Tonight is a special pleasure for me because I have known David Dinkins for thirty years through The New School, where in the 1980s he taught courses such as “Black Leadership in New York City” and “The City Politic: An Inside View.”  He now teaches at Columbia School of Public Affairs, Chairs the Earth Institute New York City Sustainable Development Initiative and hosts the annual Dinkins Leadership and Public Policy Forum.

After service in The Marine Corps he earned his B.S. in Math from Howard University and his law degree from Brooklyn Law School.  He practiced law for twenty years as he entered political life in 1966 as a member of the New York State Assembly, he then served as President of New York City’s Board of Elections and was City Clerk for a decade before his election as President of the Borough of Manhattan in 1985 and Mayor in 1989.  Somehow he finds time to serve on non-profit boards like The Association to Benefit Children, The Children’s Health Fund, and the Coalition for the Homeless, to name just a few.

A Mayor’s Life is a memoir that chronicles the journey of an extraordinary life from modest beginnings to national leadership that has opened opportunity by example and good works for people of all backgrounds.  It is one of the best memoirs I have read:  honest, humane, humble, but forceful and inspiring.  David Dinkins brilliantly analyzes the complex reality a leader faces, describes the larger context of historical forces, challenges and opportunities that shape our destiny, and draws us into the story with a deeply personal narrative that includes New York personalities we all grew up with.

Enough time has passed so we can put David Dinkins’ enormous contribution to our city in perspective. We became a more just and humane place with his leadership, with better social services for the poor, attention to the challenges faced by the disabled and people with AIDS, more affordable housing opportunities, more programs for children and safer streets. I saw these improvements first-hand in the Union Square neighborhood when I was President of the New School and co-chair of the Union Square Local Development Corporation. A Mayor’s Life is a must read for the next Mayor, indeed for anyone aspiring to leadership of our city.

It is appropriate that we gather in the home of Eleanor and Franklin Roosevelt and Franklin’s mother Sara.  Both Sara and Eleanor were champions of racial justice and opportunity.

When you walk around after the program, go into the second floor parlor and look at the photo on the mantel of Sara with Mary McLeod(McCLOUD) Bethune(BethOON). A frequent visitor to this house, Mary Bethune and Eleanor Roosevelt became close friends when Franklin appointed her to serve as director of the National Youth Administration. Eleanor counted Mary among her closest friends and said she was “proud that our country could produce a Mrs. Bethune,” that her work for social justice and civil rights was “a tribute to our nation.”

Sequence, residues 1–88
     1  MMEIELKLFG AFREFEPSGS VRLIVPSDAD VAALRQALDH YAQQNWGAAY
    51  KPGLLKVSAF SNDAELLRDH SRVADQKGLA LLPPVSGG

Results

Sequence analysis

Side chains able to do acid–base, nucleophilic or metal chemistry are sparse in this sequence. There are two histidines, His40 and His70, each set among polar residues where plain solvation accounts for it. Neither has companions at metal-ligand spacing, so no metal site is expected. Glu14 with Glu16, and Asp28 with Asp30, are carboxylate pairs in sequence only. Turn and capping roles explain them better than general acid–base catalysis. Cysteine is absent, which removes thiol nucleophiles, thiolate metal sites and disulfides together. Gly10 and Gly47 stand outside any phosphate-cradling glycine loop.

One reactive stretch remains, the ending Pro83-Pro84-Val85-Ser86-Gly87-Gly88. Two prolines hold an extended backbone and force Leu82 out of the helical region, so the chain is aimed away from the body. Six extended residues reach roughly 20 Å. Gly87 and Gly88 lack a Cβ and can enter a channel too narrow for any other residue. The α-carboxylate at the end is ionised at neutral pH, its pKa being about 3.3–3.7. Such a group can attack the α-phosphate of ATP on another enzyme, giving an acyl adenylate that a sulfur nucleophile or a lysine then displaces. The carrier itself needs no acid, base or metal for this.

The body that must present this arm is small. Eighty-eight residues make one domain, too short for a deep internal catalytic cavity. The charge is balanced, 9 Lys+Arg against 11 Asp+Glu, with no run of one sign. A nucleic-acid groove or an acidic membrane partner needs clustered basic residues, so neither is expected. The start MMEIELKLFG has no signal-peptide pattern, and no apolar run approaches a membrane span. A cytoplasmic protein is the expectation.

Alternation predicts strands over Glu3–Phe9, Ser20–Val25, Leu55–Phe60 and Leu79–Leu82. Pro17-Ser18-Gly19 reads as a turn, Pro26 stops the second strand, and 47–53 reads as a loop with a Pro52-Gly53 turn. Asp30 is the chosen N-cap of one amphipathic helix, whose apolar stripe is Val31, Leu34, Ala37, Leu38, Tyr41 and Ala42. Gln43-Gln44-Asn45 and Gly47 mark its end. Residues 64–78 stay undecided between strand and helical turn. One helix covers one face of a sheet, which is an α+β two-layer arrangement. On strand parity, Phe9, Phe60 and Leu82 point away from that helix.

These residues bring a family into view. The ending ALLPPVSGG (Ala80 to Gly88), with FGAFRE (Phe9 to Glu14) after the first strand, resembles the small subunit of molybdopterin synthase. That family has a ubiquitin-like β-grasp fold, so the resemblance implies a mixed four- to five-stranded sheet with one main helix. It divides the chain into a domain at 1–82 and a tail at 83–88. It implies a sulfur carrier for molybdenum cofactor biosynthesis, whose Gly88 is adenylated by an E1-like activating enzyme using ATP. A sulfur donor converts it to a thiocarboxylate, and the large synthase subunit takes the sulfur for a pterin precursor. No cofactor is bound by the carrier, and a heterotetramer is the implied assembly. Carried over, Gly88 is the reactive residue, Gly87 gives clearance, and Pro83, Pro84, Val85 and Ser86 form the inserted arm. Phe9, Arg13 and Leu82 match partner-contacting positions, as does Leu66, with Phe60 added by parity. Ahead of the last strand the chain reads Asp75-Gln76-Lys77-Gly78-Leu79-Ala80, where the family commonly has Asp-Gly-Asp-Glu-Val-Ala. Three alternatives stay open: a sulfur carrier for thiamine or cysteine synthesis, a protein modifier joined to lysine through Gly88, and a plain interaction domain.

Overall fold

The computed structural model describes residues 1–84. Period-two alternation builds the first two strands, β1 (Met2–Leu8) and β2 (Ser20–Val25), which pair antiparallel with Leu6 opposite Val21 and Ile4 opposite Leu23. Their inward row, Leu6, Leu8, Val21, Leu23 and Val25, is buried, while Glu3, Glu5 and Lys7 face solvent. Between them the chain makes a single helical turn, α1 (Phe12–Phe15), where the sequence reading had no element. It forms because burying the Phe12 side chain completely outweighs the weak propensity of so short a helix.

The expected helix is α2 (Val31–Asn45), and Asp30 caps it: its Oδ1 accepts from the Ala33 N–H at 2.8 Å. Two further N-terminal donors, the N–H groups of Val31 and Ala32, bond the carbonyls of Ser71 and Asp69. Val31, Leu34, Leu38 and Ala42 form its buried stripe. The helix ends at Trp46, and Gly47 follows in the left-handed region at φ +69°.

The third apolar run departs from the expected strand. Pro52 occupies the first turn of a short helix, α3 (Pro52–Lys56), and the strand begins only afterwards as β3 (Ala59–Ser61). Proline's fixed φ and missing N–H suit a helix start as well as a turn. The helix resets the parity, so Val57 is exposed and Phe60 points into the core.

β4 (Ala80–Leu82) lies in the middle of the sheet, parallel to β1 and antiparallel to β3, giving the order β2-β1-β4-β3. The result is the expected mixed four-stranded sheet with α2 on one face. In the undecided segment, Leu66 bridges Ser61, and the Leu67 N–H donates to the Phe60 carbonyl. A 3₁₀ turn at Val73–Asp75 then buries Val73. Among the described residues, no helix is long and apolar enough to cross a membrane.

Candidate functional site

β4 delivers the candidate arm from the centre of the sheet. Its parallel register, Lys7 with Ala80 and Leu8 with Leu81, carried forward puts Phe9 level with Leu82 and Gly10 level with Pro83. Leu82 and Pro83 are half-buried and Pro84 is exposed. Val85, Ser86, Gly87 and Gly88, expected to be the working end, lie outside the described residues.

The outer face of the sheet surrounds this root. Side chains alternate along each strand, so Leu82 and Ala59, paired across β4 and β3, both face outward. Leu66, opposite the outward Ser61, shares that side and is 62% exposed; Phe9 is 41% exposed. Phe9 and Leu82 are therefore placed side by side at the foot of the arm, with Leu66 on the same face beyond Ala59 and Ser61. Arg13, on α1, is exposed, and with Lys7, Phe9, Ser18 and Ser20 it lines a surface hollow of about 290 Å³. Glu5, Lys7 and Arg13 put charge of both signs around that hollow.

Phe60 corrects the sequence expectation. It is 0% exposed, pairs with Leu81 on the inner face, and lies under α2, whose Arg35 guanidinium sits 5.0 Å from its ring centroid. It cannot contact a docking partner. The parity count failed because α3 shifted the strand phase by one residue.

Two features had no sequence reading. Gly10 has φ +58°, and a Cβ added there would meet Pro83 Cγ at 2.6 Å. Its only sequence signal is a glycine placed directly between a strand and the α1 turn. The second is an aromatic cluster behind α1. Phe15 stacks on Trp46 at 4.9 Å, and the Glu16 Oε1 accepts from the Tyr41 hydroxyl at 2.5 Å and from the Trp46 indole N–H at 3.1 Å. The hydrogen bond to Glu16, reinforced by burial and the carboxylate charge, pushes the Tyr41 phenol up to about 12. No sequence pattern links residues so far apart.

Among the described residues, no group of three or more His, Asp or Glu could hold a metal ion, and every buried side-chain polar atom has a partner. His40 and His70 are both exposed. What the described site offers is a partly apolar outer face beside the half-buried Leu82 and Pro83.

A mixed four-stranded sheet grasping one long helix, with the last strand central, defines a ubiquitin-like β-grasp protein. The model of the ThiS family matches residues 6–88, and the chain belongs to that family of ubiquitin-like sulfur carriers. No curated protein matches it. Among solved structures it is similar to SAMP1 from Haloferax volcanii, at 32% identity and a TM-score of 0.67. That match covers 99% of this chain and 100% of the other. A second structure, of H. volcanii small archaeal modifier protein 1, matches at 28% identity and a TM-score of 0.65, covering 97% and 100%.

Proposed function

FDR would have approved of the phrase “gorgeous mosaic” to describe the people of New York City.  Listen to the similarities, first, David Dinkins:

“New York is not a melting pot, but a gorgeous mosaic.  We have almost as many separate ethnic identities in the city as the United Nations has member nations.   Our religious and cultural institutions are multitudinous.  I did not feel the need to scrub the unique qualities from each.  I celebrated the beautiful work of economic, political, and social art, created by the millions of daily interactions that came to define the look, feel, taste, and sense of the city.”

And now hear FDR describe the nation in 1940:

“Men and women of courage,” he said, “of enterprise, of vision… form a new human reservoir, and into it has poured the blood, the culture, the traditions of all the races of peoples of the earth. [Here] they came—the “masses yearning to be free”—…cherishing common aspirations, not for economic betterment alone, but for the personal freedoms and liberties which had been denied to them[.]”

Eleanor and Franklin and Sara would be proud to host David Dinkins in their home.   And they would be proud of the life he has led.

After Mayor Dinkins speaks, he and I will converse for a few minutes and then open to your questions.

Ladies and Gentlemen, please welcome Mayor David Dinkins.

In Conversation with Judith Rodin

On October 9, 2013, Jonathan sat down with Rockefeller Foundation President and former President of Penn University, Judith Rodin, to talk about her life and career. Judith began by speaking at length on the Rockefeller Foundation’s current “100 Resilient Cities” initiative. The video can be viewed here.

Judith Rodin

October 9, 2013

Good evening.  I am Jonathan Fanton, Interim Director of the Roosevelt House Public Policy Institute.  It is my special pleasure to welcome you to a conversation with Rockefeller Foundation President Judith Rodin.

I say ‘special pleasure’ because Judy Rodin and I have known each other for forty years.  When I was running an experimental summer term at Yale I recruited the best faculty to teach and Judy was my choice from psychology.  With a psychology degree from Penn and a Ph.D. from Columbia, she was one of Yale’s most popular teachers and productive scholars.   After serving as Dean of the Graduate School and Provost she then became President of the University of Pennsylvania where she did an extraordinary job, lifting Penn from 16th to 4th in the U.S. News and World Report rankings, doubling the research funding, tripling the endowment, making Penn a leader in adopting new technology in teaching and research, transforming the physical campus and whole sections of West Philadelphia.

And then on to the Rockefeller Foundation which brought us back together as colleagues when I was President of the MacArthur Foundation.  Judy had chaired one of MacArthur’s major international research networks looking at health-promoting and health-damaging behavior and also contributed to MacArthur’s work on healthy aging.